By Joe Pinchot
Herald Staff Writer
MERCER COUNTY —
Mercer County Housing Authorities are hoping their aspirations for high-performer status did not go up in smoke in a Dumpster fire.
Authority properties are inspected by the U.S. Department of Housing and Urban Development about every three years, but the inspections are staggered so not all authority properties are inspected the same year.
The scores factor into the authority’s annual report card grade, which also includes elements such as rental occupancy and rent collection.
“AMP1 lost 71/2 points because the night before the inspector came we had a fire in a Dumpster,” said authority Executive Director Nannette Livadas said of the asset management project otherwise known as Vermiere Manor, Sharon.
“We didn’t want to clean it up until after the insurance adjuster had been there,” she said. “We are appealing it.”
The outcome of the appeal is crucial because, as it stands now, officials expected to get a grade of 89.6 percent on the authority report card. A score of 90 is required to be considered a high-performing authority, which would give better access to certain grants and other federal funding.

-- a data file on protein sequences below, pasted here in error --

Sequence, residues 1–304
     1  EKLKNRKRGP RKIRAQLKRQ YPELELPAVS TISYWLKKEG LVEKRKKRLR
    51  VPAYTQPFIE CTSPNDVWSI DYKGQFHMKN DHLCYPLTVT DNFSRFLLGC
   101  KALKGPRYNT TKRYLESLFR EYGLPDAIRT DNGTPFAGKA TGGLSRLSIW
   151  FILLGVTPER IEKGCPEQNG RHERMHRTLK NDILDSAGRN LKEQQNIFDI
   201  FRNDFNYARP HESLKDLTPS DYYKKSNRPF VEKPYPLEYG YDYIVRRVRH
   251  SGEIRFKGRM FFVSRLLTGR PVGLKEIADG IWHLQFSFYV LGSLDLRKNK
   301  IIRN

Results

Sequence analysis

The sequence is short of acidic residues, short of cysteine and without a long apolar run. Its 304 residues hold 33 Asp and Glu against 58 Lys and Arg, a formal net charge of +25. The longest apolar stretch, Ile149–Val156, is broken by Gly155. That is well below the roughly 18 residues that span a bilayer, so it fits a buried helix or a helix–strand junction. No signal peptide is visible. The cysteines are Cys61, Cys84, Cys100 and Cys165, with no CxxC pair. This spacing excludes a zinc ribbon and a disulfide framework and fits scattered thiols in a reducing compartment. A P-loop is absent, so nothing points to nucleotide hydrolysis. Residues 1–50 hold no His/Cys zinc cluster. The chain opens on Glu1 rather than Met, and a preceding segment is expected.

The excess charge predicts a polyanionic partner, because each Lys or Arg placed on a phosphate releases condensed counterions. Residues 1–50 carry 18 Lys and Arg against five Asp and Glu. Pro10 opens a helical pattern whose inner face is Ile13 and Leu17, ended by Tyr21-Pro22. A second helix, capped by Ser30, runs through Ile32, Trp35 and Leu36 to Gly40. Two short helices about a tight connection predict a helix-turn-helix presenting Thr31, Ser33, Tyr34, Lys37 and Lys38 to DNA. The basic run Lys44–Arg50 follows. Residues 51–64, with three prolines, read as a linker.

A successful appeal of the Vermiere inspection score would push the overall score above 90 percent, Livadas said.
The authority’s score was 87 percent in 2012.
The appeal overshadows the fact that the inspection scores for Vermiere and three other properties were much better than their previous scores.
Vermiere’s score was 88 percent, up from 83 in 2011. Sharpsville Gardens was awarded 95 percent, up from 88 in 2011; Frank Fay Terrace, Pymatuning Township, was given a 98, up from 82 in 2011; and Patterson-Landay, Farrell, settled in at 95, up from 89 in 2010.